Two for the coffee table
At this time of year, we tend to look back. Newspapers will create "best of 2013" lists, while regular Joes might concern themselves more with where it all went wrong. The statistics in question - pints, pounds, personal shortcomings - will be addressed in the New Year, though such resolutions may fall quickly under the revolutions of time's wheel. This will all take place in distracted fashion, recorded in Facebook status updates, and hazy declarations down the local hostelry. Almost without exception, it is a good thing that Wisden isn't taking notes.
For 150 years, cricket has had an assiduous biographer. The game's changes have been manifold - fatter bats and slimmer, more muscular participants; technology and its discontents; the rise of India as its global centre - but so much remains familiar. To flick through the pages of The Essential Wisden is to experience a soothing sense of constancy. Cricket has always been in foment, bogged down in picayune disputes, and assailed by match-fixers; there have always been great players and fantastic feats to chronicle; and there will always be unusual occurrences.
Does reading an anthology of an almanack make one a confirmed anorak? Probably. But then disciples of the "Little Wonder" - the nickname of John Wisden, who first compiled his eponymous tome in 1864 - have always worn such labels comfortably. At the same time, The Essential Wisden provides perfect introductory material for the neophyte. Many who pick up their annual yellow brick will only read a fraction of the content but the editors, John Stern and Marcus Williams, have taken a hammer to 133,491 pages worth of cricketing history (largely as viewed through English eyes) to sift the dust for diamonds.
Beginning with a choice selection of Notes by the Editor - in which complaints about England selection, county finances, and the problem of throwing echo down the century, from Sydney Pardon (almost always from Sydney Pardon) to the modern day - the anthology devotes sections to players, records, obituaries and oddities, as well as the counties, which takes up the most space and reflects the centrality of the English summer to Wisden's method. The features section, though mostly just excerpts, shows the depths beneath its surface of scorecards and statistics. In the 1948 edition, to take one example, the Essex bowler Charles Kortright - considered one of the fastest to have played the game - noted: "There is no magic in fast bowling; but, on the contrary, much hard work, coupled with intelligent methods, is the key to success." Mitchell Johnson would doubtless agree.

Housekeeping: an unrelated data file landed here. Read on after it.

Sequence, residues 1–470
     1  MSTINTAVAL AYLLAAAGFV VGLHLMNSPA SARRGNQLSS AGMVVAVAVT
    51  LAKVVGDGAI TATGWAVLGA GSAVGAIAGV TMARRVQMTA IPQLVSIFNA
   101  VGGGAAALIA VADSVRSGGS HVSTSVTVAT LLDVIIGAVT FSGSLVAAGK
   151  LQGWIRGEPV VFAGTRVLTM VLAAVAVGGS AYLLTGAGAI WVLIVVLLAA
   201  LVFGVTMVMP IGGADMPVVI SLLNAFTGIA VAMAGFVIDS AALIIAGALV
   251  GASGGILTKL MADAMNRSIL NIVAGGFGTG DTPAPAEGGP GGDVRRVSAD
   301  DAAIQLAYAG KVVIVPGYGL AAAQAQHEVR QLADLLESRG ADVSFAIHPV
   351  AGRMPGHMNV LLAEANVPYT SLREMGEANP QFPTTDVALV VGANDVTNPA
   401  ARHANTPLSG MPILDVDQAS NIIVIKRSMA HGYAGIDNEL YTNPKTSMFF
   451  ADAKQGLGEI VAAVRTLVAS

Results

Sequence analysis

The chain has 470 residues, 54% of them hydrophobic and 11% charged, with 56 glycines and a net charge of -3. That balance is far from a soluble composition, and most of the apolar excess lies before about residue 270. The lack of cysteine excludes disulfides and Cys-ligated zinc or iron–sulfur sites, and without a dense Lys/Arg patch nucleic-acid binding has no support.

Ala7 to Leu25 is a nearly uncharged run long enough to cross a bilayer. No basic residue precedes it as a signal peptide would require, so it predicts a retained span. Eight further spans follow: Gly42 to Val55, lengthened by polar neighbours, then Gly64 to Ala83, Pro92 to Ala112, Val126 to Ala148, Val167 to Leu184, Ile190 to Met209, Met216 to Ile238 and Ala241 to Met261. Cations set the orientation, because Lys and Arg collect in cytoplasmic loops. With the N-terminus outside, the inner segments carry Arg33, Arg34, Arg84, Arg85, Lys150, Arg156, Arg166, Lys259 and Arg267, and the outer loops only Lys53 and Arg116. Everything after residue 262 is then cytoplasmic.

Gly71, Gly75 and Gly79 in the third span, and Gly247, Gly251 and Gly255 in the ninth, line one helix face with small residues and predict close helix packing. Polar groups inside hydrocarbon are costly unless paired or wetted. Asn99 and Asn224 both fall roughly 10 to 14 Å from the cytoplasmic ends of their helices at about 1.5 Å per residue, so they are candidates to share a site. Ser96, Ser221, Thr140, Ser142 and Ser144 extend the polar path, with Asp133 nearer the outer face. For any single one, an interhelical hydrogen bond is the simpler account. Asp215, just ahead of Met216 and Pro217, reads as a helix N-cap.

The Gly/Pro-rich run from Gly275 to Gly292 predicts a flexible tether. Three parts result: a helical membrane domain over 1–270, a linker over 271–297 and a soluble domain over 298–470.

The editor's job of further illuminating cricket's brightest stars has long provided an anchor for the almanack in public consciousness. Since 1889 - when Charles Pardon (Sydney's brother) chose "Six Great Bowlers of the Year" - Wisden has anointed the game's superstars; strictly only once, according to the rules, though with a couple of exceptions. For the full, 570-strong list, you should look beyond the anthology, however, to the glossier charms of Wisden Cricketers of the Year. Edited by Simon Wilde, cricket correspondent of the Sunday Times, and also released to coincide with the 150th anniversary, this would probably be termed a coffee-table book - in the sense that it is about the same size as a coffee table.
Like Wisden itself, Cricketers of the Year gets away with being a little unwieldy. As Wilde explains, the initial purpose of the award, based upon performance in the preceding English season, was to provide "medallion portraits" of the players, photographs rather than the colourful written sketches we expect today, with the player whose picture occupied the middle of the page considered to have the grandest stature. The book lives up to this original aim and the carefully produced images that go back to the 19th century - particularly those of impassive young (and not so young) men in flannels and moustaches - are fascinating.
Initial winners were often only accompanied by a few words of description and Wilde, too, skips nimbly through these corridors of fame. Eventually the format became standardised at the familiar "Five Cricketers of the Year" but it was subject to editorial whim in the early years: in 1896, WG Grace bestrode cricket's narrow world by himself; in 1901 the awards went to "Mr RE Foster and Four Yorkshiremen"; in 1921 and 1926, the page was given over to photographs of Pelham Warner and Jack Hobbs respectively, both former winners. Such curiosities - including the story of Harry Calder, a "Schoolboy Bowler of the Year" during World War I, who never played first-class cricket and only discovered about his award at the age of 94 - provide the special interest in an otherwise straightforward study of greatness.
These two collections, lovingly compiled and slickly produced, may be the publishing equivalent of flaying a tiring attack with an old ball. But, given the season, in this year of amplified Wisden worship, it seems okay to overindulge.
The Essential Wisden: An Anthology of 150 years of Wisden Cricketers' Almanack
Edited by John Stern and Marcus Williams
1104 pages, £50
Wisden Cricketers of the Year: A Celebration of Cricket's Greatest Players
Edited by Simon Wilde
408 pages, £40
Alan Gardner is an assistant editor at ESPNcricinfo. He tweets here